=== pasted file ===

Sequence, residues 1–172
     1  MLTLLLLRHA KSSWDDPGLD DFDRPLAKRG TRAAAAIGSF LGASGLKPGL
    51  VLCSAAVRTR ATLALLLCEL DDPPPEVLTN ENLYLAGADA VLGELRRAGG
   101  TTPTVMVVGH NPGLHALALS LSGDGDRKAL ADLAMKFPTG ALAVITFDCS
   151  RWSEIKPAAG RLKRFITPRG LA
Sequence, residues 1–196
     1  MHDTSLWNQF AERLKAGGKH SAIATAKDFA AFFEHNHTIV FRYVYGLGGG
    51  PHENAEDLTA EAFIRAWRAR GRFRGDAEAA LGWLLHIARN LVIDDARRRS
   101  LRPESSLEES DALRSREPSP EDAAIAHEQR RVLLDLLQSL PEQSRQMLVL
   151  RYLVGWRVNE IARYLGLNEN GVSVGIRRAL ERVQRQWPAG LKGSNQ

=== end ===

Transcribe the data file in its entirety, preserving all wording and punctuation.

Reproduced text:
Sequence, residues 1–172
     1  MLTLLLLRHA KSSWDDPGLD DFDRPLAKRG TRAAAAIGSF LGASGLKPGL
    51  VLCSAAVRTR ATLALLLCEL DDPPPEVLTN ENLYLAGADA VLGELRRAGG
   101  TTPTVMVVGH NPGLHALALS LSGDGDRKAL ADLAMKFPTG ALAVITFDCS
   151  RWSEIKPAAG RLKRFITPRG LA
Sequence, residues 1–196
     1  MHDTSLWNQF AERLKAGGKH SAIATAKDFA AFFEHNHTIV FRYVYGLGGG
    51  PHENAEDLTA EAFIRAWRAR GRFRGDAEAA LGWLLHIARN LVIDDARRRS
   101  LRPESSLEES DALRSREPSP EDAAIAHEQR RVLLDLLQSL PEQSRQMLVL
   151  RYLVGWRVNE IARYLGLNEN GVSVGIRRAL ERVQRQWPAG LKGSNQ